The recent earthquakes have affected fishing, and after last weekend's shake the fishing was fickle. Like birds and other wildlife, fish seem able to sense an earthquake in advance and move to a safer environment.
Snapper appeared to have moved offshore and even the commercial long-liners struggled to catch fish in the shallows while deep-water trawlers cleaned up.
The deeper waters are still producing the best results, with pilchards and berley working well. Those anglers using slow jigs are finding the pink and orange colours are the best.
Out in the Hauraki Gulf there are good numbers of fish south of Kawau Island, between 40m to 45m. One noticeable feature this spring has been the number of large snapper around, and one charter boat has consistently reported snapper between 6kg and 9kg. The skipper is an experienced snapper fisherman and uses only pilchards, fishing in about 25m of water over some foul.
The Ahaa's are also producing plenty of fish, and small kingfish have turned up in plague proportions around Crusoe Rock and the bottom end of Waiheke Island.
Casting poppers, stick baits or dead piper around the channel marker buoys at low tide can trigger some good action, and on light tackle these battlers are impressive. This type of fishing is perfectly suited to saltwater fly tackle, and on a fly rod even a small kingfish is tough to handle.
Live baits set along the edge of the reef will target larger fish, particularly if kahawai are used. Small baits like yellowtails or sprats will catch fish, but a larger proportion of small kings will be hooked as they are much more aggressive and beat the larger fish to the bait. The liveys can be fished either on the seabed with a breakaway sinker attached with dental floss to the swivel, or under a balloon. When on the bottom they are hooked through the nose, and on the surface the hook goes through the back of the bait in front of the dorsal fin.
Out in the Firth of Thames some large snapper are being taken wth the better fishing towards the end of the Coromandel Peninsula, and the mussel farms are fishing well.
A whole fresh yellowtail is the top bait for the big ones and this can be fished on one rod, casting the bait well away from the boat and the rod left in the rocket launcher with the drag set lightly and the clicker on to signal a strike. You want the fish to be able to run with the bait, and you soon know when something takes it. Meanwhile you can continue fishing under the boat with regular cut baits. This is how most big snapper are caught, and if a live yellowtail is used the occasional kingfish or stingray comes along to stir things up. It is also a good bet for a john dory for the frying pan, and their numbers have picked up. The bottom end of Waiheke is always a good area for dory, and as they eat small live fish a lure like a soft bait or jig will attract them. They hang around weed beds, drifting slowly towards an unsuspecting fish like a small cod or spotty and then sucking in a mouthful of water with their prey through a mouth with telescopes out. When boating a dory, a landing net should be used as the hook can easily pull out of the tough skin around the mouth.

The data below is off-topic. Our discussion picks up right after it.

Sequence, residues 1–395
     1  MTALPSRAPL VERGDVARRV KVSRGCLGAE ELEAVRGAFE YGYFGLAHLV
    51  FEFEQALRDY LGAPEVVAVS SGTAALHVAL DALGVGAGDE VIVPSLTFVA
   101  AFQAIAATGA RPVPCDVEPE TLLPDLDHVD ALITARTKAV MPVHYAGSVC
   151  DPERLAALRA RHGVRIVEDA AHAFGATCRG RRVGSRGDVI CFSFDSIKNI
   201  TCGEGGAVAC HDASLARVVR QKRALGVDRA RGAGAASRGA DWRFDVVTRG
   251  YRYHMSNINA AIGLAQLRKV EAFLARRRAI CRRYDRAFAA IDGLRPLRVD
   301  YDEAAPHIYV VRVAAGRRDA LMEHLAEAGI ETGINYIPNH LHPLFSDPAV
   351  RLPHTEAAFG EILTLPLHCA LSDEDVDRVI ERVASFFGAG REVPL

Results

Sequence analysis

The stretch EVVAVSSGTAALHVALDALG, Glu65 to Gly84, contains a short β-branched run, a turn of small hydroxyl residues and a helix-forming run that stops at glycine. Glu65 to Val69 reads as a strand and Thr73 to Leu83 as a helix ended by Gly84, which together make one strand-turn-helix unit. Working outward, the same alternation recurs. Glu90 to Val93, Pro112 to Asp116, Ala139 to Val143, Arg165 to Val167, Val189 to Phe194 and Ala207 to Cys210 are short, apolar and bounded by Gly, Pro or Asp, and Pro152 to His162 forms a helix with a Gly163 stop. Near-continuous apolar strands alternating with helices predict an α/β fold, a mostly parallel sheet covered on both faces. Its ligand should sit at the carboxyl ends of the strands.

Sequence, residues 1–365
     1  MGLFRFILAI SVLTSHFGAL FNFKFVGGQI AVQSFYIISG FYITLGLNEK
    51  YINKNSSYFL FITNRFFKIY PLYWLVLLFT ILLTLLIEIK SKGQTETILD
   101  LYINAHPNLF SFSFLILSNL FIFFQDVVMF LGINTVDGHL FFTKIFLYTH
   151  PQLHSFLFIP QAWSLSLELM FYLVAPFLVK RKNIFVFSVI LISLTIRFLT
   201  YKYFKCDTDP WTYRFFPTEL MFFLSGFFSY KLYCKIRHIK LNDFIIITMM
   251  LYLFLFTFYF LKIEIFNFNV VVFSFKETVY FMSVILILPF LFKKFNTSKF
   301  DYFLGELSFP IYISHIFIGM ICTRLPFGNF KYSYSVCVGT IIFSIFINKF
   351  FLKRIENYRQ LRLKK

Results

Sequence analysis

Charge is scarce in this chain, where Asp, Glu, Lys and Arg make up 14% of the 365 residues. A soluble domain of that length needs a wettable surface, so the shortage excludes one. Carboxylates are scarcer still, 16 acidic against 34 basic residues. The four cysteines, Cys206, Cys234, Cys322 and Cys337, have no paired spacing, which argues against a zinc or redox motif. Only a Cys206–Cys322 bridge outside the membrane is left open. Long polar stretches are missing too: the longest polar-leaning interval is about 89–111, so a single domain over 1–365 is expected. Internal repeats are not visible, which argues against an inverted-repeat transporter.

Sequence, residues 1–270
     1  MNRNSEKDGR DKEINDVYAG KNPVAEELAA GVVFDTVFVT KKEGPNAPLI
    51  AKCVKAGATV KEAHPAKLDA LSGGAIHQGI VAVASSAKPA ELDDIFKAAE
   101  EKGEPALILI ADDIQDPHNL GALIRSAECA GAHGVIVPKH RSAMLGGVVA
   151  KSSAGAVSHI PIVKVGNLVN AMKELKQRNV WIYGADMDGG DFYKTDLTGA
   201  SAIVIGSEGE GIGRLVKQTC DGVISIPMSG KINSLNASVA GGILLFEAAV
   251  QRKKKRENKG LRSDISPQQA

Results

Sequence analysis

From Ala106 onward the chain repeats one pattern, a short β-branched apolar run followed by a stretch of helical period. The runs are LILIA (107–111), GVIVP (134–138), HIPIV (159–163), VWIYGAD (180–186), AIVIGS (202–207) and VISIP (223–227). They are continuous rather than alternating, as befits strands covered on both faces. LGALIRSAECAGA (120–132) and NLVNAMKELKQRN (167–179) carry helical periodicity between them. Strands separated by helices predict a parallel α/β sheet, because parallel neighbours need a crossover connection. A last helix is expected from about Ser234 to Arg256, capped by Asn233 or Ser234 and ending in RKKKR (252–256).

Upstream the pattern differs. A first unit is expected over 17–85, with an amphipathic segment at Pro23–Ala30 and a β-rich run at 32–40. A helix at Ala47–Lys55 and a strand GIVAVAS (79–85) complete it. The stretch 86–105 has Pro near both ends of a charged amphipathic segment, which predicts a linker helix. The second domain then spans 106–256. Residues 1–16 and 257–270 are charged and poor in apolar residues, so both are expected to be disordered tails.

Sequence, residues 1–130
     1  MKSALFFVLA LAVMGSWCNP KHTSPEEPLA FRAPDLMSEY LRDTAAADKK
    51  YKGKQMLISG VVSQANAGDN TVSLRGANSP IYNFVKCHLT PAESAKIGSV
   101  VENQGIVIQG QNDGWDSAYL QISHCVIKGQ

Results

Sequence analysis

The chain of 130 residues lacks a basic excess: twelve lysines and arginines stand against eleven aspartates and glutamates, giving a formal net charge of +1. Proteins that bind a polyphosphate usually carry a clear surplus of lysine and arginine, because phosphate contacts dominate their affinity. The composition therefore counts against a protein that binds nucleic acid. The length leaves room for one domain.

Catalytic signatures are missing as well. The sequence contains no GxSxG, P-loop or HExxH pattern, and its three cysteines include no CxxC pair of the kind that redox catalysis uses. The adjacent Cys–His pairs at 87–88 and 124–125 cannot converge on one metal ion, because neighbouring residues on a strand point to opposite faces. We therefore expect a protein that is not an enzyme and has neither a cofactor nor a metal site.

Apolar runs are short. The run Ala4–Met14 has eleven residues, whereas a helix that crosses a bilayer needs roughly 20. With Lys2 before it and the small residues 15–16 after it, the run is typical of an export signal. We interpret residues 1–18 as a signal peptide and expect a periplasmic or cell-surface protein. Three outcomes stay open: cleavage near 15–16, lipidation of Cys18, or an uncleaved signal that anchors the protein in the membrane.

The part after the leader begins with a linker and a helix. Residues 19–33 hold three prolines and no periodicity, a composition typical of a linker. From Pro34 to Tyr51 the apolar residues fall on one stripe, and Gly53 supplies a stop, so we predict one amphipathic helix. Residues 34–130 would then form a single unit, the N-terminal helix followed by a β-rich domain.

While large snapper are always a target for keen fishermen, many people realise that these are old fish which are also breeders and don't make good eating. They are better returned to the water, after a photo.
To encourage the release of fish the trend in fishing contests overseas is to judge catches on length, with the angler taking a photograph of the fish on a special board with the date, then releasing it. That is just starting in this country, and is to be encouraged.
The runs of trout into the Lake Rotorua tributaries like the Ngongotaha and Waiteti Streams have slowed down, but brown trout can be targeted in the shallows around the stream mouths.
The fish hang around the mouths waiting to run up, and it can be exciting - but challenging - fishing as the angler first spots a cruising fish than casts in front of it. Bully imitations like a Mrs Simpson or Hamills Killer work well, as the slower swimming browns favour bullies while their rainbow cousins like to chase smelt. Harling and shallow trolling on all the lakes is best at dawn, although Lake Okataina has been the hardest place to catch a fish. As
the sun rises and fish move deeper, lines which can get down to 15m are used with lures like the black toby or traffic light. Jigging on Lake Rotoiti usually takes off at about this time, but has been quite hard.
The trout are not stacked up in large numbers yet, but the west bank has been the most consistent area.
On Lake Tarawera jigging has been working well, and harling at first light along the edge of the weed beds with a green smelt fly or a Red Setter is always popular.
Tip of the week
When bait fishing, a piece of rag tied to the trace helps attract fish. It can be a thin strip of red or yellow cloth about 15cm long tied tightly around the trace just above the hooks. It is always a good idea to add a red or orange attractor to the line when fishing behind scallop boats, which can be popular in Northland waters. The heavy commercial dredges stir up the bottom and break some scallops and the snapper follow, feasting on the scallop meat and the orange roe.
Bite times are 9.25am and 9.50pm today and tomorrow at 10.20am and 10.45pm. More fishing action can be found at www.GTtackle.co.nz.